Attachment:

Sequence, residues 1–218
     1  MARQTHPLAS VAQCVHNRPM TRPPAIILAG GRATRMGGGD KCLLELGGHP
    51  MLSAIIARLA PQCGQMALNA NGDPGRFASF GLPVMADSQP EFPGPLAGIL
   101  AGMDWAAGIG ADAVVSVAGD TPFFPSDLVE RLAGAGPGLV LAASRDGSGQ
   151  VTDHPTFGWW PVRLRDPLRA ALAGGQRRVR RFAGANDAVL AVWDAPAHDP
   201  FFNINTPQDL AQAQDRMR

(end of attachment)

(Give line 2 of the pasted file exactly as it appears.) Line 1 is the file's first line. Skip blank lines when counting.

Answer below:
     1  MARQTHPLAS VAQCVHNRPM TRPPAIILAG GRATRMGGGD KCLLELGGHP